CAN - Living With Water Project Explores Coastal Adaptation Plans to Address Rising Sea Levels
Indigenous communities will partner with researchers and governments to explore cutting-edge solutions
The UVic based Pacific Institute for Climate Solutions (PICS) launched the Living with Water project on Dec. 15th. This $1 million, four-year Theme Partnership Project connects teams of researchers who will look for solutions to rising sea level and coastal flooding with climate solution seekers, including local First Nations governments, municipalities, and federal and provincial governments.
With Indigenous communities on board, the team will explore cutting-edge solutions to coastal adaptation like multi-functional dikes, or nature-based solutions, such as wetland conservation, while centering the values and knowledge of Indigenous communities.
It’s expected that sea levels will rise 50 cm by 2050 and 1.2 metres by 2100. For the 80 per cent of British Columbians that live within five kilometers of the coastline, this means B.C. needs a plan for adapting with our changing coast.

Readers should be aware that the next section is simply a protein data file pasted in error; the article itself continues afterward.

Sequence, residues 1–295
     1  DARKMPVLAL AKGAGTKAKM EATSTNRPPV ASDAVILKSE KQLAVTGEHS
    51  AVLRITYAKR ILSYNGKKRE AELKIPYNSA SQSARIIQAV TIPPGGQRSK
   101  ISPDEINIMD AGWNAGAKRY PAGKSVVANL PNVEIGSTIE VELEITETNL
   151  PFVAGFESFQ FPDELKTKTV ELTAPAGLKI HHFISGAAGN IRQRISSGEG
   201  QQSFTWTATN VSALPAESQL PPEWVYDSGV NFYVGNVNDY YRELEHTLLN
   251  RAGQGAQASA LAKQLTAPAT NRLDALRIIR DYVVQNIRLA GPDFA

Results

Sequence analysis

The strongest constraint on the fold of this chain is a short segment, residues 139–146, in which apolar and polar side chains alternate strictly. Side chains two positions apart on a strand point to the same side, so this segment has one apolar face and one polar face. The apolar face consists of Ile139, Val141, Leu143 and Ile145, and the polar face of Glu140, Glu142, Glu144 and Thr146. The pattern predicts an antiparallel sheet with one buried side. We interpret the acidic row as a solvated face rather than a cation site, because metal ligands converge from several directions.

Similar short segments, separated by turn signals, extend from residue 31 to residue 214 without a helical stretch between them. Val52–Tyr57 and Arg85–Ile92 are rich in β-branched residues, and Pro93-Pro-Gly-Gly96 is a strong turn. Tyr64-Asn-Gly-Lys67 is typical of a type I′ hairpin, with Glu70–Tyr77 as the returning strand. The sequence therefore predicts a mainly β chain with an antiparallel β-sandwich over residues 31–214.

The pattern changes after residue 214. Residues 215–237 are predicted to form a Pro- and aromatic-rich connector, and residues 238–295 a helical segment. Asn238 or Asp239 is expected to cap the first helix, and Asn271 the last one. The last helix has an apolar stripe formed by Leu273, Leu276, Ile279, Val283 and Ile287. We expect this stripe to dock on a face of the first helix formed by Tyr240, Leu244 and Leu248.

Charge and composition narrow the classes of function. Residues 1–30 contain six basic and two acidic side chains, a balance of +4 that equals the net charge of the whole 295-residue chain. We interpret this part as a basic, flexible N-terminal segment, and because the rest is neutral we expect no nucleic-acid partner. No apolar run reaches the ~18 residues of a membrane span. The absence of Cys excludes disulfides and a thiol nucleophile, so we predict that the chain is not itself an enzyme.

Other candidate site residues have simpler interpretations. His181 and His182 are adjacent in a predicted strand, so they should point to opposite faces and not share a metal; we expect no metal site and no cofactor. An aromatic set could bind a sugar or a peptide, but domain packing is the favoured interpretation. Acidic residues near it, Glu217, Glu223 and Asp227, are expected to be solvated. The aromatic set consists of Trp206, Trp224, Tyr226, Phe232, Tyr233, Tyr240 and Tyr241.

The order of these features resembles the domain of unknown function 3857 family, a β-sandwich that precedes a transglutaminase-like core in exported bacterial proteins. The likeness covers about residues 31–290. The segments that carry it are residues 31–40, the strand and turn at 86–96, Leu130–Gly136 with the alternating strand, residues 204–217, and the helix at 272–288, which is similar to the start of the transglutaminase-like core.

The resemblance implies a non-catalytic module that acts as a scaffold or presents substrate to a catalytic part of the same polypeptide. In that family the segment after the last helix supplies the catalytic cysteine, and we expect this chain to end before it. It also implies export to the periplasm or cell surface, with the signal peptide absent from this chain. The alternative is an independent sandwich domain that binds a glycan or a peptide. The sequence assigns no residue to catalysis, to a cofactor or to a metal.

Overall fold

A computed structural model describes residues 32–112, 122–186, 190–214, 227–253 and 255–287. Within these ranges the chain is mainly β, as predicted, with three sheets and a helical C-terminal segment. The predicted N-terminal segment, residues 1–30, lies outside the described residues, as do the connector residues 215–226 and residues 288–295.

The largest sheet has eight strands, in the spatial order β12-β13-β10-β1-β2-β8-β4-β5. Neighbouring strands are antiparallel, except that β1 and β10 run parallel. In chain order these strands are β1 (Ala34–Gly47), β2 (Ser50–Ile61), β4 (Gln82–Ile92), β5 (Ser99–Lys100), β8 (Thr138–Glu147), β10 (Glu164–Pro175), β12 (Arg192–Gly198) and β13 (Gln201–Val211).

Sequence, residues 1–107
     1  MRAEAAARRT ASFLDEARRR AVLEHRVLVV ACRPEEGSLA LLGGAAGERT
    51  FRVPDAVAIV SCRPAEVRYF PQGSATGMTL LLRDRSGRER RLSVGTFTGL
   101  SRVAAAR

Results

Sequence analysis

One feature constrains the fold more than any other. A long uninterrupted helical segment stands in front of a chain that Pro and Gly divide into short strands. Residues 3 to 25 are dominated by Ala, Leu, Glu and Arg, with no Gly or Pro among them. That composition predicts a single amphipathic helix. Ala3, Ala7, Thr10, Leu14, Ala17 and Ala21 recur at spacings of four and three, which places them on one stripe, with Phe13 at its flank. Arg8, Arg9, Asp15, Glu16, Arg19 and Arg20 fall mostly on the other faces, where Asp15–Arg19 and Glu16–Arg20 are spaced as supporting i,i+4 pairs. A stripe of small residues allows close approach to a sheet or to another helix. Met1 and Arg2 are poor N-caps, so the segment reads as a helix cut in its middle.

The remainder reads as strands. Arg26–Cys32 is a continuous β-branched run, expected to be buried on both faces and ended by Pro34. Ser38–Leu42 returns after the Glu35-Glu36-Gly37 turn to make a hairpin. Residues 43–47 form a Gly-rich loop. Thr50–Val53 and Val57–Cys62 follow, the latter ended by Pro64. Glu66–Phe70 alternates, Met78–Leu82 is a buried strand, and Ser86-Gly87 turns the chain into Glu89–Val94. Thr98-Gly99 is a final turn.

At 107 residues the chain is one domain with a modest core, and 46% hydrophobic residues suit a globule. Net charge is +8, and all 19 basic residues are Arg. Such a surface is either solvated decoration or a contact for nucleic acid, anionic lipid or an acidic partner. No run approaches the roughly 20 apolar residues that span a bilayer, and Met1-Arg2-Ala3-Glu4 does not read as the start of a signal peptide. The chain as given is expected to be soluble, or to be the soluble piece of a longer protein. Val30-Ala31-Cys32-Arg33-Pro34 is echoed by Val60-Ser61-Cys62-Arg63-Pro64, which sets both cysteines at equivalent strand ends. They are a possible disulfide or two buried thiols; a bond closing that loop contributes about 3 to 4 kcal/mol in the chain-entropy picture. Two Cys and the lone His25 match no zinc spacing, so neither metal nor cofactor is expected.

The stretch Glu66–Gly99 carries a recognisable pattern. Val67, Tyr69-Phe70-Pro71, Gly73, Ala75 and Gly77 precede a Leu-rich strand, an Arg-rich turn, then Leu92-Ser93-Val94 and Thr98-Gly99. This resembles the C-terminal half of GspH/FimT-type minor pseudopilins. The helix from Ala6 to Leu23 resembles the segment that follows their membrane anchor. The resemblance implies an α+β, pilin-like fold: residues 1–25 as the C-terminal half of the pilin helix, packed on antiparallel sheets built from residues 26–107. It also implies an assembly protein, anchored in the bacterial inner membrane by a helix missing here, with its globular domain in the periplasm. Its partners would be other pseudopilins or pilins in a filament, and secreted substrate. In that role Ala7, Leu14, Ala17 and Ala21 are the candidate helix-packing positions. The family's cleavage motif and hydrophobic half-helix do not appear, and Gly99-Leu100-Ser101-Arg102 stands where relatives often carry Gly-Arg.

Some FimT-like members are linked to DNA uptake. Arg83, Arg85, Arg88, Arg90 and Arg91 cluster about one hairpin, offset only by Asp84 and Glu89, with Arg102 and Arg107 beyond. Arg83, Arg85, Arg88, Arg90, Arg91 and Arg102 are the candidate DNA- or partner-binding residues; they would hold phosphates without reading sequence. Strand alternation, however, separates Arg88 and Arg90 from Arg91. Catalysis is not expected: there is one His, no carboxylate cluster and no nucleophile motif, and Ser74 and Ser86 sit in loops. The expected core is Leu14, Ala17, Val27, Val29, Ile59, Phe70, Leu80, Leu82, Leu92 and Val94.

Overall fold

Currently, neither the provincial or federal government have a plan for adapting to the rising sea levels or coastal flooding. Instead this responsibility falls on municipalities and First Nations who are limited by legislation to plan infrastructure only within their own boundaries. The Living with Water project aims to address this and could find solutions that serve as a model for coastal adaptation nationally or internationally.
“[PICS Theme Partnership Projects] generate new knowledge, build international leadership within British Columbia’s research community, and help drive further innovation in critical thematic areas,” states the PICS site.